Jefferson County EMS operates the ambulance station in Punxsutawney. Station 50 is a full advanced life support service comprising paramedics and emergency medical technicians. Station 50 serves not only the borough of Punxsutawney, but also Southern Jefferson County and parts of Northern Indiana County.
- WECZ-AM and WPXZ-FM, two local radio stations.
- The Punxsutawney Spirit, Jefferson County's only daily newspaper.
- Receives television programming from the Johnstown-Altoona media market.
Film and television
- In the fictional television series Lost In Space (1965–68), one of the characters ("Aliens") that the Robinson family encountered was Captain Alonzo P. Tucker, who started off as a homeless man who lived in Punxsutawney during the 1800s. He was abducted by Talurians in 1876 and kept in suspended animation for long periods, being revived periodically for study. After parting ways with the aliens, he acquired a small spaceship, and adopted the persona of a pirate. He met the Robinsons during a visit to Preplanis in 1998 in the episode "The Sky Pirate".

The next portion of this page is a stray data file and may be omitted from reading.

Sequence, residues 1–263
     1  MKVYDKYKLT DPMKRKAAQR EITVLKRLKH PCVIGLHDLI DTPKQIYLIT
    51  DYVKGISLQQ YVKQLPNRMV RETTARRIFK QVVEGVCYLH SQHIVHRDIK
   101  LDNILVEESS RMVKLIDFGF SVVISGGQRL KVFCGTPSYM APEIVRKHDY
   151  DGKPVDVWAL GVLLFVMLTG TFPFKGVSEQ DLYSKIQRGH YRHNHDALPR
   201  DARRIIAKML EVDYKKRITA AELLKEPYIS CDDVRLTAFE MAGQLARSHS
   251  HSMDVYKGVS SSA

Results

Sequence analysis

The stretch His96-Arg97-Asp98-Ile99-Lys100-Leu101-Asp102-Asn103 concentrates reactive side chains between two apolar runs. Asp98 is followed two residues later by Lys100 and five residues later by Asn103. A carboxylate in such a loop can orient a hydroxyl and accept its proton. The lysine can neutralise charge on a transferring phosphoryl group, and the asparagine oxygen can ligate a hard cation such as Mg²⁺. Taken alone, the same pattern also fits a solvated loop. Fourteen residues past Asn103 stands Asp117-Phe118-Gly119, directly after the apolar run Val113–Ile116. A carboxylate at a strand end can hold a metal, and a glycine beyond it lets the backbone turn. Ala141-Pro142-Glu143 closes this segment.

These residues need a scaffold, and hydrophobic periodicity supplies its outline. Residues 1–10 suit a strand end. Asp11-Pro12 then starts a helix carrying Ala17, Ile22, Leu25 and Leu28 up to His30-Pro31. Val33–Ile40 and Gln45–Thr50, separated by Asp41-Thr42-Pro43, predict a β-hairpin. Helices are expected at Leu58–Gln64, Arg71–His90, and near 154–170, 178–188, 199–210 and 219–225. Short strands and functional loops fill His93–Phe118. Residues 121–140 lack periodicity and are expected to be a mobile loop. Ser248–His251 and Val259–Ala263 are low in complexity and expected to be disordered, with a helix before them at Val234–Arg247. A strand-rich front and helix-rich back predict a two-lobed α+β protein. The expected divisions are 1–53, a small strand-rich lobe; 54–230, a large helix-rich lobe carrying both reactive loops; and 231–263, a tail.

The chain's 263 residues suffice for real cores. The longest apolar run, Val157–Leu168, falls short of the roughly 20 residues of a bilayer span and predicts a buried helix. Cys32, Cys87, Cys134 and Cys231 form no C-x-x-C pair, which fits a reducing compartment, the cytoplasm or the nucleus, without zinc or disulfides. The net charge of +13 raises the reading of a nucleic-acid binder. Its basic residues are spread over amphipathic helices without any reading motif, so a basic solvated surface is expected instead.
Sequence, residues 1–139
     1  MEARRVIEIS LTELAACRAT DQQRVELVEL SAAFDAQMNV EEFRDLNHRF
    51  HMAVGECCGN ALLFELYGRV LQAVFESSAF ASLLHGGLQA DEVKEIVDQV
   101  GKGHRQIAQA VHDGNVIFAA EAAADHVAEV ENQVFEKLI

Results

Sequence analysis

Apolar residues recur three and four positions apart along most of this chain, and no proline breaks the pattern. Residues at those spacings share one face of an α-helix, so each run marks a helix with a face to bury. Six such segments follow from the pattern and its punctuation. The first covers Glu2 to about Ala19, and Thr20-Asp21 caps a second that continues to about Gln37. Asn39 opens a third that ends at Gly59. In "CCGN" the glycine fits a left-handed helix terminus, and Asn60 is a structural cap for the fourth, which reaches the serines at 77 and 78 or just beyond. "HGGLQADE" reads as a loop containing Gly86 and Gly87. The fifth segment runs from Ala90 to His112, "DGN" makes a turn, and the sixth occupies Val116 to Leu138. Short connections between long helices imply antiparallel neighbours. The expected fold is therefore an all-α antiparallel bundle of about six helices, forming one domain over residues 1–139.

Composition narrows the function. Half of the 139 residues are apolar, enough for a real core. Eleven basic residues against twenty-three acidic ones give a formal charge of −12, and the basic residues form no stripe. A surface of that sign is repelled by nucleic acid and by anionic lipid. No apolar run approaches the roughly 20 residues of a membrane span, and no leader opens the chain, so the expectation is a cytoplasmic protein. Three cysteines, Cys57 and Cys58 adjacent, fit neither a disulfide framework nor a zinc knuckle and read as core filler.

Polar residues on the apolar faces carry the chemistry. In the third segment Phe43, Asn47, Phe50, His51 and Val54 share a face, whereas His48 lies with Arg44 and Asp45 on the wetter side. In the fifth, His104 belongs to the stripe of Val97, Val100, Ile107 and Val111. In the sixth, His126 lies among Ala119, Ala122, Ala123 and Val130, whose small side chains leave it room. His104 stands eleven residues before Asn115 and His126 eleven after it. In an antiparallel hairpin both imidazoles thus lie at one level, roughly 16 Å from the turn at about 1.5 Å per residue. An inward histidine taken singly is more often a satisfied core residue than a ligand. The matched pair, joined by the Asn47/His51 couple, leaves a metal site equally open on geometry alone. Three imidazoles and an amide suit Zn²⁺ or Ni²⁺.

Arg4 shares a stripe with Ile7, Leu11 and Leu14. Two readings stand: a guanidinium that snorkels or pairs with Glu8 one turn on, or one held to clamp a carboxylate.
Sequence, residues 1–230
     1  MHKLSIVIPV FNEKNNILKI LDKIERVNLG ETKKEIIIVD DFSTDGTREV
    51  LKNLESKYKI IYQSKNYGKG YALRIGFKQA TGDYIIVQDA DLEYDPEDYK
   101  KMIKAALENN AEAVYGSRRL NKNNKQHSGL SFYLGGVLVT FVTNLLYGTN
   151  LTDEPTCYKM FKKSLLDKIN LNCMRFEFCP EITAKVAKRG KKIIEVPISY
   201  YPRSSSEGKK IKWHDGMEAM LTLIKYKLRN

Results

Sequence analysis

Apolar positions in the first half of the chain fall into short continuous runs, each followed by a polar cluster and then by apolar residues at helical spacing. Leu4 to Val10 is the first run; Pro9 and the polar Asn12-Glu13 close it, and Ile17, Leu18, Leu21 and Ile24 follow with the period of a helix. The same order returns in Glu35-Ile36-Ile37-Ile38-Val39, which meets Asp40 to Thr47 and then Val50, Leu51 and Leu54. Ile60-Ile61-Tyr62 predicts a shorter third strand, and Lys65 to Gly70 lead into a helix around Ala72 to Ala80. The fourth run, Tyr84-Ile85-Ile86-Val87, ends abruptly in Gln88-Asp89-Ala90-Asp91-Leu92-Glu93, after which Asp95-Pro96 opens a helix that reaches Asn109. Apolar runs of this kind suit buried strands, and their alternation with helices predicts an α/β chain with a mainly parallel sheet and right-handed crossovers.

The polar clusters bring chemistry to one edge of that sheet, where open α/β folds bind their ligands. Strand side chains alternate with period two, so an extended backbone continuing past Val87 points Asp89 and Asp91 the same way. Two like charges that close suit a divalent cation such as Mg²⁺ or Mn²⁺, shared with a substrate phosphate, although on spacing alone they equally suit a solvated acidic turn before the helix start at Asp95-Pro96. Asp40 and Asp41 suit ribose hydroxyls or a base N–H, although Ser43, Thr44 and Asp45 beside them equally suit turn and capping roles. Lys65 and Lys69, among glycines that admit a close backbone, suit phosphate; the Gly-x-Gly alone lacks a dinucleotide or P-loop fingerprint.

- The town of Punxsutawney was portrayed in the 1993 philosophical comedy film Groundhog Day, starring Bill Murray. The actual town in the film is Woodstock, Illinois. A musical based on the film, with music and lyrics by Tim Minchin, opened in London in 2016 and won two Olivier Awards: Best New Musical and Best Actor in a Musical for Andy Karl. In 2017, the production transferred to Broadway and was nominated for seven Tony Awards.
- Charles Jerome "Chuck" Daly (July 20, 1930 – May 9, 2009) was a basketball head coach. He had a 14-year NBA coaching career and began his basketball coaching career in 1955 at Punxsutawney (PA) Area High School.
- Wilbur Good was a Major League Baseball player for the Chicago Cubs and other teams in the early 20th Century.
- Lloyd Jordan (1900–90) was head coach at Harvard and was inducted in the College Football Hall of Fame.